Tripping Your Anchor Free

While setting an anchor may have its challenges, getting it back aboard often proves the most difficult task — especially if you’re hauling it in by hand, without the benefit of a windlass. Even with a windlass, when the anchor is buried deep and just can’t be retrieved by hauling, the technique for freeing it is called “tripping the anchor.” Using this method involves letting your boat do the work. Here’s how.

Have your crew on the bow snub or make fast the anchor rode when it's "up and down," then let the boat's power break the anchor free.
Have your crew on the bow snub or make fast the anchor rode when it’s “up and down,” then let the boat’s power break the anchor free.

Come slow ahead and retrieve as much anchor rode as you can until you are right over the anchor. The chain or rode should be “up and down.” Make it fast on the bow cleat and come ahead slowly. It helps to have a person on the bow indicating where the rode/chain is leading. Use hand signals or radio communication to indicate to the helmsman which way the rode is.

Once the anchor rode is shortened up and snubbed off or made fast, coming ahead slowly until the rode is just past vertical usually creates enough tension to pull the shank up and break the flukes or plow free of the bed of mud or sand. Once it’s free you can haul it up, clean it, and stow it in the usual manner. When tripping an anchor, try not to run directly over it, so you minimize the chance of getting your anchor rode tangled in your prop.

If you find yourself anchoring in rocky ground, it might be wise to put a “trip line” with a buoy on the anchor. Depending on the type of anchor you use, tie the trip line through the hole provided in the crown, or the plow end of the shank, or to the tripping ring or palm of a Danforth-type anchor. The idea is to be able to dislodge the anchor from the rock by pulling it out in the opposite direction by the trip line — which obviously needs to be strong enough to handle the job. Before resorting to the trip line, though, try slacking off the anchor rode and manevering the boat to approach the anchor in the opposite direction to which it was set. Again, getting over it in an up-and-down position, hauling the rode up short, and coming ahead slowly should take care of this.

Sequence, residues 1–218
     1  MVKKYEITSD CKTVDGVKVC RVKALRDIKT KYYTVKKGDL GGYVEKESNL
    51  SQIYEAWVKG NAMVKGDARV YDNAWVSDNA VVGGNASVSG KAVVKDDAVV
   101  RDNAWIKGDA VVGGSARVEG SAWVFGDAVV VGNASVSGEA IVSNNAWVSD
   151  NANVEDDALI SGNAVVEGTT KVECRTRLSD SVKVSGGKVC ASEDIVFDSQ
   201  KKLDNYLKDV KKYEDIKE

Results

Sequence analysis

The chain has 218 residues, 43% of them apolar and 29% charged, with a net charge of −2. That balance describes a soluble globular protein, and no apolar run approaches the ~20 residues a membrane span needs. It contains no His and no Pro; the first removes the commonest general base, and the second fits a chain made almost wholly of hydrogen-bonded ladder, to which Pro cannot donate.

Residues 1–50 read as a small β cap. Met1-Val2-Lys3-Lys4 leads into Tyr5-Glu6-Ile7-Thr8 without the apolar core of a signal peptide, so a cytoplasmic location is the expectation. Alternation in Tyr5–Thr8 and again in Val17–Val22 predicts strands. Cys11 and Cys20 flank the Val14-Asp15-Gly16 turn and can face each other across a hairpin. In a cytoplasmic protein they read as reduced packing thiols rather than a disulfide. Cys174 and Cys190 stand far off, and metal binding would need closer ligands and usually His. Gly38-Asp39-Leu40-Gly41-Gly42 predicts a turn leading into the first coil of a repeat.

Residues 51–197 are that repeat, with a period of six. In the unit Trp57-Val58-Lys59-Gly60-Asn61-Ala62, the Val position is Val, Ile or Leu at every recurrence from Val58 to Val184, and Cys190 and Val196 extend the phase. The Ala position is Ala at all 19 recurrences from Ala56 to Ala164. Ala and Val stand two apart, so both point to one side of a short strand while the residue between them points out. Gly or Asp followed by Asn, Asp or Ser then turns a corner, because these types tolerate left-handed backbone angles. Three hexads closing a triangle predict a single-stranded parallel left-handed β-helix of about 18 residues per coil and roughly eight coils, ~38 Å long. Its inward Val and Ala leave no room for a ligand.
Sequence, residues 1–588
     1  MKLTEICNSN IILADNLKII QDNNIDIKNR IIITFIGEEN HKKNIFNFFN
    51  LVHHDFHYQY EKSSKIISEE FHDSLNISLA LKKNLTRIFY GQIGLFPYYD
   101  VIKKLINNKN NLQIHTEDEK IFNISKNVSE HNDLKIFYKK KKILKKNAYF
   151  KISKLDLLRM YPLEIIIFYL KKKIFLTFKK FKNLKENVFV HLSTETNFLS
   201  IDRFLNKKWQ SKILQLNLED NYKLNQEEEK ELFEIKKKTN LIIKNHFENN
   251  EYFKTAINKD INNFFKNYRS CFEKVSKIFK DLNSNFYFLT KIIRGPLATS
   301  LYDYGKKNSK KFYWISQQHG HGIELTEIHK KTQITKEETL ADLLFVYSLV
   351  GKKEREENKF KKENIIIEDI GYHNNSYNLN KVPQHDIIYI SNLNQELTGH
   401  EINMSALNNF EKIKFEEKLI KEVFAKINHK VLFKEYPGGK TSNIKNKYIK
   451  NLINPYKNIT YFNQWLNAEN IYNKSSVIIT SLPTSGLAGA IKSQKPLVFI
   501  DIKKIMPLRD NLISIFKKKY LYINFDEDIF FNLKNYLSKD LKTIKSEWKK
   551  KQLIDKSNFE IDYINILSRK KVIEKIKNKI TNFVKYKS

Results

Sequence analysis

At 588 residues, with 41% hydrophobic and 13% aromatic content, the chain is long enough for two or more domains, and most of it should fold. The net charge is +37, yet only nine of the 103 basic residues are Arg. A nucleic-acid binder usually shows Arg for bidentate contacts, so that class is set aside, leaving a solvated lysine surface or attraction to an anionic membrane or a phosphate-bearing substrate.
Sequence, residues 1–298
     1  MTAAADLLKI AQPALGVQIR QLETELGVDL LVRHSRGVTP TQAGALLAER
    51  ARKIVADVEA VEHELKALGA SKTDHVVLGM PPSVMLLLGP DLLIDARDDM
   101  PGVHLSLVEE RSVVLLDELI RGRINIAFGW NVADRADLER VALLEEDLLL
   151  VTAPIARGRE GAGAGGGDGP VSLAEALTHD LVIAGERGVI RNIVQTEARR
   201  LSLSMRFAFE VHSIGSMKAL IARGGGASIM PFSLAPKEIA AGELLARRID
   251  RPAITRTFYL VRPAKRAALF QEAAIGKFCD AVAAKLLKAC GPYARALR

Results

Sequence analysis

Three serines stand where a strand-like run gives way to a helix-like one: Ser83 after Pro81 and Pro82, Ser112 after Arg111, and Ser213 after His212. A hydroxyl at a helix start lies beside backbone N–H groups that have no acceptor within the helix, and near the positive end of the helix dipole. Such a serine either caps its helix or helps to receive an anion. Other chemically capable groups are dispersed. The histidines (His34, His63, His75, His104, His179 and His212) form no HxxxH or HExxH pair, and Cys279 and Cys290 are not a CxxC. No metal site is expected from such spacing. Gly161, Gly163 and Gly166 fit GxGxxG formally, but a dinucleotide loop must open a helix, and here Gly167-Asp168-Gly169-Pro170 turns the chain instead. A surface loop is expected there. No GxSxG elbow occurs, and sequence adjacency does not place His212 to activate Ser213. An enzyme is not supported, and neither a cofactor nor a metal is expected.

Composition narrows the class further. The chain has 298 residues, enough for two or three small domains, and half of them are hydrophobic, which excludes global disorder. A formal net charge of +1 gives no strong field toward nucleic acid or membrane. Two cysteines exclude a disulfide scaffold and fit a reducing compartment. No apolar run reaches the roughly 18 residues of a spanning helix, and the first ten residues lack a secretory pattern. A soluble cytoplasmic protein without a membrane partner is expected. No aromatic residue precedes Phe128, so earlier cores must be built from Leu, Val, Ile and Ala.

Now you know how to let the boat do the work of tripping the anchor with a little patience and guidance from you.

Written by: Peter d'Anjou

A USCG licensed captain and former merchant mariner, Peter d'Anjou is now a freelance writer and editor. A one-time executive editor at Sailing World magazine, he writes about his passion for racing and boating. Having managed a large yacht repair facility in the NE U.S. his background in boat construction and repair translate to the practical side of boat ownership.


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